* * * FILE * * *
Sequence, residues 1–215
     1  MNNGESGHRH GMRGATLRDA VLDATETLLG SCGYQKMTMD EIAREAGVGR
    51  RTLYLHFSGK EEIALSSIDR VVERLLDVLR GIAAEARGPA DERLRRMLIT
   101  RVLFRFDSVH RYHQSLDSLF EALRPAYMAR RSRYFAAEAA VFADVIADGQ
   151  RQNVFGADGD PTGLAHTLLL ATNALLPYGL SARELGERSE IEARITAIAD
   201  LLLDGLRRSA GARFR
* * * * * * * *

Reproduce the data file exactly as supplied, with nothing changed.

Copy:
Sequence, residues 1–215
     1  MNNGESGHRH GMRGATLRDA VLDATETLLG SCGYQKMTMD EIAREAGVGR
    51  RTLYLHFSGK EEIALSSIDR VVERLLDVLR GIAAEARGPA DERLRRMLIT
   101  RVLFRFDSVH RYHQSLDSLF EALRPAYMAR RSRYFAAEAA VFADVIADGQ
   151  RQNVFGADGD PTGLAHTLLL ATNALLPYGL SARELGERSE IEARITAIAD
   201  LLLDGLRRSA GARFR